fatherhood_give_love_get_loveThe Involved Father and Gender Equity project was a collaborative effort between White Ribbon Campaign and Dad Central. The study explored the positive roles that fathers, organizations working with diverse fathers, and the fatherhood sector in Ontario in general can play in promoting gender equality, healthy, equal relationships, and ending violence against women in all its forms. The data for the study consisted of several modalities including focus groups, surveys of fathers who participated in the focus groups, interviews with stakeholders and professionals working on engaging fathers, and a preliminary environmental scan of the services available to fathers in Ontario. Fifty-three (53) fathers took part in nine focus groups in communities across Ontario. The information regarding their experiences comprises the majority of the findings in this document.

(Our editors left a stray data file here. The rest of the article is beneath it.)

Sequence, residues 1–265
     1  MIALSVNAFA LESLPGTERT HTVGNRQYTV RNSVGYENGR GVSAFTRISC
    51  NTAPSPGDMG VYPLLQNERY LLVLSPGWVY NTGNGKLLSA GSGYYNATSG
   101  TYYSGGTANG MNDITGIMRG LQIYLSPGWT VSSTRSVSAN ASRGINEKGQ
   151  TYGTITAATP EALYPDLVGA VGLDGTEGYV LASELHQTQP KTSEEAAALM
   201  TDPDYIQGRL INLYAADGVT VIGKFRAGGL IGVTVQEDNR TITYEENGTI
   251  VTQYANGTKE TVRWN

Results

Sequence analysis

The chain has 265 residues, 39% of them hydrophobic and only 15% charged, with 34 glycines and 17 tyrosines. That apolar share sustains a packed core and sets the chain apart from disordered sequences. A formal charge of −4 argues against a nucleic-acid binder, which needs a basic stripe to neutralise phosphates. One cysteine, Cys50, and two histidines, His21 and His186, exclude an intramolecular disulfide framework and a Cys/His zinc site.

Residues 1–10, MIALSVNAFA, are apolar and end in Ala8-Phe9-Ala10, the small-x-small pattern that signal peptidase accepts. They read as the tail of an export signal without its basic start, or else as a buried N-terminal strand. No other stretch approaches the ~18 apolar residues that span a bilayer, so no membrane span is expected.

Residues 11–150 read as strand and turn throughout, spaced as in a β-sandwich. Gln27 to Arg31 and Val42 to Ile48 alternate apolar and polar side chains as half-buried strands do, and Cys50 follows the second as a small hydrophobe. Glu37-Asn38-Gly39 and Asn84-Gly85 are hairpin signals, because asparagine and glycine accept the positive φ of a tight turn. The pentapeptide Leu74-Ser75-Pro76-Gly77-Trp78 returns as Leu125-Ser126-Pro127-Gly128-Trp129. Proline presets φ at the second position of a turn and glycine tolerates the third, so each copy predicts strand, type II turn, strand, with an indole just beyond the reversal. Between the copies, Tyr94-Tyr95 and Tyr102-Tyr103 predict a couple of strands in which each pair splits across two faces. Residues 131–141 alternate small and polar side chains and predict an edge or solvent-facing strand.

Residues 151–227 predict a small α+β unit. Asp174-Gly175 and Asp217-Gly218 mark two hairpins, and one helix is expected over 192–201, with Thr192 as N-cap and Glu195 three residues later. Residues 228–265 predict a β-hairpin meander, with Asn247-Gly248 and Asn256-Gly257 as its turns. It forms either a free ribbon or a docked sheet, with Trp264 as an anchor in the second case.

This is what everyday sexism looks like….

Here’s a role reversal video to give an “inside” look at sexism. We do not necessarily agree with all the points raised, but it is a good place to start a discussion.

Trigger warning: Simulated violence, partial nudity and coarse language.


The Danger in Demonizing Male Sexuality

Interesting article by Alyssa Royse. Excerpt below:

“Yes, girls are told that boys are predatory and somehow out of control. The corollary there is that boys are told they are predators, and out of control. Therefore, not a desirable thing, but a thing to defend against. From the get-go, we are teaching our kids to fear male sexuality, and to repress female sexuality.